The Back Yard
Justin Newcombe's tips for creating a gorgeous and productive garden

Keep roses free of rust

By Justin Newcombe

1 comment

Landscape gardener and Life columnist Justin answers your questions.

Rust fungal infections, best treated in winter, can easily attack your roses. Photo / Supplied
Rust fungal infections, best treated in winter, can easily attack your roses. Photo / Supplied

Despite trying all the usual rose sprays, nothing seems to stop rust - can you suggest something?
- Chrissy Barrett

Rust is a fungal infection which is easily spread around your garden and is exacerbated by humid, still weather. It is best treated during winter. If you leave it this late in the year things can really get away on you. Here are some things you can try now, as well as a programme to follow next season. Number one, be a tidy Kiwi. Keep old plant material away from your plants. Remove any signs of the infection from the plants. This means in winter giving your roses a good old hiding with loppers. Make sure you burn all infected material. Shape your roses to encourage good airflow and water at the base only, not on the foliage. Feed your plants with Kings rose food this spring and potash next autumn. Try spraying prophylacticly with 1 teaspoon baking soda, three cloves crushed garlic and 1 tablespoon olive oil per litre of water once a fortnight in spring.

Our peach tree is suffering from leaf curl. Are there any cures that don't involve spraying toxic chemicals?
- Isobel

There are two types of leaf curl - fungal and viral. Both need to be managed rather than being treated. Firstly, it's important to be proactive when dealing with these infections. You need to spray the tree just as the weather warms before the infections start to take hold of new growth. For the fungal infection you could try a baking soda and oil spray or you could try a copper-based spray. For the viral side of things you need to keep the white fly off the tree. I recommend regular treatments of garlic spray. To do this, soak a garlic bulb in a litre of water for 48 hours then mix with half a teaspoon of garden-friendly soap and a tablespoon of oil. Next year grow some Kings beneficial insect blend under your tree to attract white fly predators.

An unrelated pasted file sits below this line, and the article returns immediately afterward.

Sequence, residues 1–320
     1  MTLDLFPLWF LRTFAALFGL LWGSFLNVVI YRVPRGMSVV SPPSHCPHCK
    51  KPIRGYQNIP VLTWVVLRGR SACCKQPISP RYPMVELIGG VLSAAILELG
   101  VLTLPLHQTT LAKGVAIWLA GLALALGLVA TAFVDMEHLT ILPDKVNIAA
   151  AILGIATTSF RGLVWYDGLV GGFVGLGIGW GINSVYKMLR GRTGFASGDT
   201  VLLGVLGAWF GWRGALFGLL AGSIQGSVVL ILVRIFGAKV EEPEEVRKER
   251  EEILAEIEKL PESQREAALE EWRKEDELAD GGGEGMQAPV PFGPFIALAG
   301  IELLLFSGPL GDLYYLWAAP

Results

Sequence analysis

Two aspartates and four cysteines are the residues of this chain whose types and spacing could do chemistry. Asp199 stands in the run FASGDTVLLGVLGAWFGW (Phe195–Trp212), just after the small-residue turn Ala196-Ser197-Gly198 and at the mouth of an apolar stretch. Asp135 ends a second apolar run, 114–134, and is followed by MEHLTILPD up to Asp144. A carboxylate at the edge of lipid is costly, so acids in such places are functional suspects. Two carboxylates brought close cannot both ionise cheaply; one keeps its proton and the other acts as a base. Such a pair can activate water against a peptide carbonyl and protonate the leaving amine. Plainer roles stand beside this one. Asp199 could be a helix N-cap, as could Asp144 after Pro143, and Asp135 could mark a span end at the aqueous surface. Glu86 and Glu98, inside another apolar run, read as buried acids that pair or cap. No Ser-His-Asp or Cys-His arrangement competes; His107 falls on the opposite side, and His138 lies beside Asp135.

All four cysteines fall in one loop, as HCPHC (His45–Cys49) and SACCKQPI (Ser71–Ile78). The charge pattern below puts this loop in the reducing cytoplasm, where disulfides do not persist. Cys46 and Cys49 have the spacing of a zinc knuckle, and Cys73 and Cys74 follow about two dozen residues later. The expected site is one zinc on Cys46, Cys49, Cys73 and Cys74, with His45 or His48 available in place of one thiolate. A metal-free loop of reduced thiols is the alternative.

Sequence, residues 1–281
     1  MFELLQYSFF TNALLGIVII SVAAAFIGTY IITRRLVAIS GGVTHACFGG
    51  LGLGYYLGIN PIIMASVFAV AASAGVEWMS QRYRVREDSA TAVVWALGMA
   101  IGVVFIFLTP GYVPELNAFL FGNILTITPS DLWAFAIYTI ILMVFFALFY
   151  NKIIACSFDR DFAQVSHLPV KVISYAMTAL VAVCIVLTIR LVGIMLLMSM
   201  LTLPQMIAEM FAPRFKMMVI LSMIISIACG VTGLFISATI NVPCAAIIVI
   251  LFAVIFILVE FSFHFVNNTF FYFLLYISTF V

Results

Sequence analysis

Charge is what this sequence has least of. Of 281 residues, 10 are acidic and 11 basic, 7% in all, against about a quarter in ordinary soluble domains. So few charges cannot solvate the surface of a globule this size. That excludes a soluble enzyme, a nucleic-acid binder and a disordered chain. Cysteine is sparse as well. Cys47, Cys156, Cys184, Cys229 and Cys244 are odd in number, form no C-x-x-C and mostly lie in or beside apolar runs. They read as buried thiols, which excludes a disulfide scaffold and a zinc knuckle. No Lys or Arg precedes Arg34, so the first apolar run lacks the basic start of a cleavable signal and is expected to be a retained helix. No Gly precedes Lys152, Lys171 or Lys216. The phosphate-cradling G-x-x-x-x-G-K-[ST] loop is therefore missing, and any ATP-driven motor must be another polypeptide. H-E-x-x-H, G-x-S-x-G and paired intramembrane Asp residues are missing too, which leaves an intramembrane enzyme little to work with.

My 5-year-old Mexican blood flower climber grows vigorously on a north-facing deck railing but fails to produce more than one single flower each year. It should have hundreds! Any idea why? I have typical Waitakere clay soil.
- Jade

This a tropical native and sounds like a beautiful specimen except for the lack of flowers which can come down to a few things. Firstly, soil conditions can have a bearing. Make sure you improve that clay soil with a good friable compost and mulch. Over-watering is another reason your blood flower won't do the business. It comes from the same area as the bougainvillea and likes a light moist soil. Lastly, temperature may also be an issue. Any cold snap at the wrong time may stress the plant. You could invest in some frost cloth for winter and try and keep those delicate buds protected. In a tropical climate it will flower all year.

Weekend checklist

* Water tomatoes regularly, but remember not to water the foliage.

* Make sure your tomatoes are staked properly before they get too big, when they can be damaged easily.

* Mulch around your plants now before the dry, weather starts. If your garden is already dry, wet the mulch.

* Keep your garden tidy - dead head flowers and remove spent foliage, as this can harbour fungus spores.

* Plant cropping vegetables now. If you haven't germinated any seeds visit Kings and get your hands on some punnets.

* Slow down on watering your garlic but keep watering your onions.

* Get your kumara shoots in the ground - dig a pit about 100mm down, line with wood ash or charcoal (untreated only), form the shoot into a J shape then plant and water. Grow the vines up tepees to ensure the biggest tubers.

* Spray the garden with a mix of 1/2 a teaspoon of garden-friendly soap, three cloves crushed garlic, 1 tablespoon of oil and 1 teaspoon of baking soda for every litre of water.

* Treat yellowing foliage with Epsom salts (follow the instructions on the packet closely).

* Chop up prunings and hedge clippings finely, this will give your compost a good head start when it comes to digesting the huge amount of waste your garden can produce.

* Mix your lawn clippings into your compost thoroughly when, you guessed it, it's time to turn it over.

* To ask Justin a question, click on the email link below.

- NZ Herald

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